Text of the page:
'Grandest mansion' for sale

Click to follow
The Independent Online
MOOR PARK, the 'grandest 18th-century mansion in Hertfordshire' according to Nikolaus Pevsner, went on sale yesterday - and could end up with bingo halls, pubs and motels on its 250- acre estate.

No guide price has been put on the Grade I listed Palladian mansion at Rickmansworth, home to the prestigious Moor Park golf club, but Sotheby's values its artworks and fixtures at pounds 3m.

The mansion is being sold by Three Rivers council, which says it cannot meet the pounds 4.3m maintenance and restoration costs. The golf club, which enjoys a low-rent, non-repairing lease with 70 years left to run, will refuse to negotiate with rival buyers, says the council's chief executive, Alastair Robertson.

The decision to sell Moor Park after 54 years of public ownership has prompted the club to set up companies to fund purchase of the freehold and to develop leisure facilities in the shadow of the mansion. Articles of association list pubs, bingo halls and motels among facilities that might be built.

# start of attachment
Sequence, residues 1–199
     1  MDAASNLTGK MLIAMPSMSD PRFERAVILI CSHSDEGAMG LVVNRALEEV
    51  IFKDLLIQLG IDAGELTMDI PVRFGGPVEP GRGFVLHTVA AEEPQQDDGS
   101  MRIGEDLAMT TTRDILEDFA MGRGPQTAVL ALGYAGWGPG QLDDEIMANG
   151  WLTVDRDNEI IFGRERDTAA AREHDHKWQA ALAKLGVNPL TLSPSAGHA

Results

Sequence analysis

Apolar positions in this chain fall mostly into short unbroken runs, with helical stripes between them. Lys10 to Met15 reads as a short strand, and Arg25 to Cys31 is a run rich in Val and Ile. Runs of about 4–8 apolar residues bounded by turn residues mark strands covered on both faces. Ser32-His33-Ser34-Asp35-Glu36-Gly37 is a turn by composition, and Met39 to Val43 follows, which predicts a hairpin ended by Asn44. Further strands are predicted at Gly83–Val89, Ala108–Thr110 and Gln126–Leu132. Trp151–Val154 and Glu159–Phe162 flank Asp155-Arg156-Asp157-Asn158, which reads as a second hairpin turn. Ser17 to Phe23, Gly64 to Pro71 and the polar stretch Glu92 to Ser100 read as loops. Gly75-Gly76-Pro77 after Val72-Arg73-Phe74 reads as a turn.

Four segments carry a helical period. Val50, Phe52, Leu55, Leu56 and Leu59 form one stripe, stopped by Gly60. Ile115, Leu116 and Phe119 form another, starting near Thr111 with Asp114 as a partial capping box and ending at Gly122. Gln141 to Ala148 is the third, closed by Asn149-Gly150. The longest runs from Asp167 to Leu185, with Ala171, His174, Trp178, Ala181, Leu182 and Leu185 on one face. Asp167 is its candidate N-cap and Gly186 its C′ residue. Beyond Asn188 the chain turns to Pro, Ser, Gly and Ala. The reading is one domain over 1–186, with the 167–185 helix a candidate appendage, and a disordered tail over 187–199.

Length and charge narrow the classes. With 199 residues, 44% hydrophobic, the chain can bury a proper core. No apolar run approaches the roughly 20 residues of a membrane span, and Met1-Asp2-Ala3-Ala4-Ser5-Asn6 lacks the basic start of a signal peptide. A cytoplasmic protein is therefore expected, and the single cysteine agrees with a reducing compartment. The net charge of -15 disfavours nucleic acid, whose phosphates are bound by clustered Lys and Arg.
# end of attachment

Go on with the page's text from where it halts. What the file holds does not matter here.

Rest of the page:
Directors include Michael Buckland, an adviser to the club and a Conservative member of Hertfordshire County Council, which would take 25 per cent of the sale proceeds. He has informed the county secretary of his interest.

If the club can see off rival bidders, the value of the site could be pounds 85m, Mr Robertson has estimated in a private report to Three Rivers council. He said yesterday: 'I am not going to speculate on the price. We are deliberately, on advice, not putting it in. The council decided that if it was going to a sale, the primary objective was not to make as much as possible; it wanted to make sure the building was looked after in the right way.'

English Heritage has already indicated it would support some development of Moor Park, which was remodelled by architect and painter Sir James Thornhill in the early 18th century.

The sale is taking place at the same time as formal arbitration proceedings to fix a rent increase. The golf club, which has 1,700 playing and social members, at present pays pounds 22,150 a year. Last year it had a turnover of pounds 1.2m.

Selling now also goes against the advice of the surveyors Chestertons, which told the council to wait if it wanted the best price.

The club's chief executive, John Davies, refused to comment on whether it would refuse to negotiate with prospective buyers. The club has previously used its lease to veto the council's own development proposals to raise money to restore the mansion.

(Photograph omitted)